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UFmbutler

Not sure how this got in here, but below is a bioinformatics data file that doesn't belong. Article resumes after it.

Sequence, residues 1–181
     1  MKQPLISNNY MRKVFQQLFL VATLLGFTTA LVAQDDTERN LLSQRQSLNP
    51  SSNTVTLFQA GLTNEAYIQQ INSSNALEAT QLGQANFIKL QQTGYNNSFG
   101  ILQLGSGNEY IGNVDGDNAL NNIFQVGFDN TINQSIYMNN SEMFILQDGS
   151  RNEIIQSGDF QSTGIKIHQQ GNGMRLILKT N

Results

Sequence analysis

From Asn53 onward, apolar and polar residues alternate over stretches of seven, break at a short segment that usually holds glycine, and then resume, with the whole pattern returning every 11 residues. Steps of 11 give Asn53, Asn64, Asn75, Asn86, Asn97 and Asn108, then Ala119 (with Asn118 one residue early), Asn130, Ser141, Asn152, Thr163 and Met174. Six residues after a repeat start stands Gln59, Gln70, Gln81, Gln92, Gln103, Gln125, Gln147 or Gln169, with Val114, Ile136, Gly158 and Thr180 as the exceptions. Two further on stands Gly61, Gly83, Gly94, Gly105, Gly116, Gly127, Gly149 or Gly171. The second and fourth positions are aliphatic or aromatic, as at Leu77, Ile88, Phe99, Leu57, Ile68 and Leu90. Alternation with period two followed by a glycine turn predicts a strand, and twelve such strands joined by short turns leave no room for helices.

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<p><BR/>Replying to:<BR/><DIV CLASS='Discussion_PostQuote'>score the goal that bring your team in finale and you'll have your name written everywhere, that is concrete results. Score a 100% on the most difficult exam of the school and what do you get ? More bullying, that is IF you get something at all... so the choice is easy. Open the newspaper, when do they talk about science ? We have to understand that science is geeky, and geeky poeples are rare. We all got together at the university so we think that the whole world is that, but hey, we're not even 1% of the population. yes, 99% of the population wouldn't know a thing about E=MC2, and they wonders why we're making such a case for a formula....and the pay ....... &nbsp;I&nbsp;trippled my salary when i switched from teaching to a job "in the field". Of course i would prefer to get a PhD in astrophysic and "play" in a lab for the rest of my life, but 90k per year for a job i didn't even have to go to school for is much more appealing.... <br /> Posted by killium</DIV></p><p>I think this is kind of a misconception.&nbsp; You don't have to be "geeky" to work in science, especially astrophysics.&nbsp; I know plenty(and I fall in this category as well) of astrophysicists who are in fact normal people who actually find the overly geeky types to be a little annoying.&nbsp; If you actually get into the field you will find that even people with PhDs can go out and drink and not even mention science for extended periods of time.&nbsp; </p><p>Regarding pay, you can/should easily be able to make at LEAST 90k a year with an astrophysics PhD.&nbsp; You will also be, presumably, doing something you enjoy.&nbsp; Would I take even a 40-50k pay increase to work in some engineering/IT job over a astrophysics research position?&nbsp; No, probably not.&nbsp; As idealistic as it sounds, money isn't everything.&nbsp; That said, it is quite easy to make a lot of money in research.&nbsp; Consider that something like 2/3 of the population of Los Alamos are millionaires, and combine that fact with the fact that an extremely high percentage of the Los Alamos population is employed by the lab(something like 80%), and it is hard to argue that there is no many to be had in science.&nbsp;</p> <div class="Discussion_UserSignature"> </div>